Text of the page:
1990 Arizona Repatriation Legislation
Arizona State University (ASU) - Sandra Day O'Connor College of Law
Arizona State Law Journl, Vol. 24, p. 391, 1992
Arizona recently enacted two important pieces of legislation establishing broad repatriation rights for sensitive American Indian material. Section 844 of Arizona Revised Statutes, requires the state to repatriate human remains, funerary objects, sacred ceremonial materials, and items of tribal patrimony if these materials are either excavated on state land or in the control of state agencies. Section 865 of Arizona Revised Statutes, provides a right of repatriation if human remains or funerary objects are discovered on privately owned land. Both statutes confer repatriation rights on the governments of Indian tribes that have cultural or religious affinity to the materials whose repatriation is sought. The term affinity is generously defined in both laws. This article discusses the Arizona repatriation legislation in detail.
Three main themes underlie both new pieces of Arizona legislation. The first is a recognition of the enormous value of cooperative discussion among all interested parties when a controversy arises over the treatment or disposition of sensitive Indian materials. The second pervasive underlying theme is that when cooperative discussions do not resolve repatriation issues, concern for human rights should receive primary weight in decisions about the disposition and treatment of culturally sensitive materials. Finally, the legislation rests on the related assumptions that American Indian tribal governments are ordinarily the proper representatives of Indian interests in repatriation controversies, and that such governments, once empowered to protect their tribal beliefs and heritage, will sensitively and responsibly limit their repatriation claims to materials that are truly central to those beliefs and heritage.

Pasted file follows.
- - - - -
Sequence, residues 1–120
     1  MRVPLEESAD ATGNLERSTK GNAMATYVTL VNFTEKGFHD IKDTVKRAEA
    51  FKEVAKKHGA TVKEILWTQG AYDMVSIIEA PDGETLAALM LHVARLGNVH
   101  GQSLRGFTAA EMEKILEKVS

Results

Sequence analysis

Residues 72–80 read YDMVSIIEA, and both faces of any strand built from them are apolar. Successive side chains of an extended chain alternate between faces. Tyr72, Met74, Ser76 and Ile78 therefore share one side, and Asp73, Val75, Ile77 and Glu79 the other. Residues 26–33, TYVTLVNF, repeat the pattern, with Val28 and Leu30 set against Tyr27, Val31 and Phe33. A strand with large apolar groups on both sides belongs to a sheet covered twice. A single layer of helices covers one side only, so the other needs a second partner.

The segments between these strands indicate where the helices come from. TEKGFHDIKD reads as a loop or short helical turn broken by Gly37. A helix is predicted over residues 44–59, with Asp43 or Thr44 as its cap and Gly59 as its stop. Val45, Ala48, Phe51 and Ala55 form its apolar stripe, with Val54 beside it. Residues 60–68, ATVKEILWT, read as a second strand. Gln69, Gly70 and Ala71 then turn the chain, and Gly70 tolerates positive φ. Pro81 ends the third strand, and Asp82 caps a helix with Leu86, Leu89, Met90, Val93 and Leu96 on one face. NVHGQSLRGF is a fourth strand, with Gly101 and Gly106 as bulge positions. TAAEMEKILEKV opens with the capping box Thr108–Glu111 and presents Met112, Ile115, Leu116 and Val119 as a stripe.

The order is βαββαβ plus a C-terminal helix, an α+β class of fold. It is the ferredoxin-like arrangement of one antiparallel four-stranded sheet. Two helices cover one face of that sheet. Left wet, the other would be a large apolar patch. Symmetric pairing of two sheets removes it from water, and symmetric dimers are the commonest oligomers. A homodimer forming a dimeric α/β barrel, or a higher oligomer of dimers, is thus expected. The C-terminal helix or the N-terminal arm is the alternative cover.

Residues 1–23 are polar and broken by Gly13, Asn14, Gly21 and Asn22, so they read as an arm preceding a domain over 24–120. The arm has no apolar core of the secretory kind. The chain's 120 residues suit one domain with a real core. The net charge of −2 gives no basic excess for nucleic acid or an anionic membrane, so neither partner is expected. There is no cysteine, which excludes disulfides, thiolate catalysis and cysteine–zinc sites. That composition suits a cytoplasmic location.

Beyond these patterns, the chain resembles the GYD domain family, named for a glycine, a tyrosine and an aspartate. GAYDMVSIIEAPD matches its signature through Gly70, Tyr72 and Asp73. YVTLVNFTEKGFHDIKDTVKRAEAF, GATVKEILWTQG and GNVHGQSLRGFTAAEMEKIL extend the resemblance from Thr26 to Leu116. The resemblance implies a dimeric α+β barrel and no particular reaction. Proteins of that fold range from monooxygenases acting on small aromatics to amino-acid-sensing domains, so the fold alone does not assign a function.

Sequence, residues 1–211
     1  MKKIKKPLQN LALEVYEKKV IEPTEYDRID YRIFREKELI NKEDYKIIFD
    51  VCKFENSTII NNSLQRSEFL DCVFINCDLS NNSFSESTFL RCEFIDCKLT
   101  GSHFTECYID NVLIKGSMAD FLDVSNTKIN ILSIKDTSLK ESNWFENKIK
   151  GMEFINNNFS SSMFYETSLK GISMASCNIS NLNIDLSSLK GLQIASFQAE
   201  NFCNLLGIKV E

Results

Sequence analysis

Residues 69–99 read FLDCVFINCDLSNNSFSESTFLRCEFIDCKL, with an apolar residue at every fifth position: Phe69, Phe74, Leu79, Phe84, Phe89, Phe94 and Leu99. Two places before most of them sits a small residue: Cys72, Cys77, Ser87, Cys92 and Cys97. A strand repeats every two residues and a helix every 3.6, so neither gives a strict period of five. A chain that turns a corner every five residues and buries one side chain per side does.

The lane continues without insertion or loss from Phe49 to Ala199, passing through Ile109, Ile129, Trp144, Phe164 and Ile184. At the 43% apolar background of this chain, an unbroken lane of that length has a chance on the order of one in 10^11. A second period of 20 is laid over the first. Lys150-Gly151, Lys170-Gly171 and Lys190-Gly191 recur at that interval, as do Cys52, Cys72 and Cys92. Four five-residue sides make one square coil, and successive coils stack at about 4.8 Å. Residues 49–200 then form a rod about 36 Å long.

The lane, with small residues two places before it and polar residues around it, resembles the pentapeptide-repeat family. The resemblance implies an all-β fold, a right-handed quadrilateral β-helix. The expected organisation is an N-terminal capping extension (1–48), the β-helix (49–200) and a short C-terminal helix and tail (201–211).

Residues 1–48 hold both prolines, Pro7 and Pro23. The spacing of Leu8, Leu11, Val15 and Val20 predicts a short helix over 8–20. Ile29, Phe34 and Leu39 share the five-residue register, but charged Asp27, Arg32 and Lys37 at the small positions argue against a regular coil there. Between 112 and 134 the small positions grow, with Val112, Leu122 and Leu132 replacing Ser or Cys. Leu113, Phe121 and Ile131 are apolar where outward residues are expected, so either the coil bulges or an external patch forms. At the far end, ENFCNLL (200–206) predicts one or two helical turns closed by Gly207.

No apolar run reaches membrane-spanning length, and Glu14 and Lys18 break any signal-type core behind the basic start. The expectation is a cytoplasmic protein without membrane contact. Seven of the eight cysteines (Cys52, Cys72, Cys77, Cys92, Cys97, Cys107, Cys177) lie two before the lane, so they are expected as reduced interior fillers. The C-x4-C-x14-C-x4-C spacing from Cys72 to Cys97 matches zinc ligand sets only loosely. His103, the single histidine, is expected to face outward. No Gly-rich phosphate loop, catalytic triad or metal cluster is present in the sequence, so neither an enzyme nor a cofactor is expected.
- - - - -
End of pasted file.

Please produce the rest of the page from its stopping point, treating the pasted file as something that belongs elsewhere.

Number of Pages in PDF File: 28
Keywords: Indian law, religion, repatriation actAccepted Paper Series
Date posted: June 24, 2009
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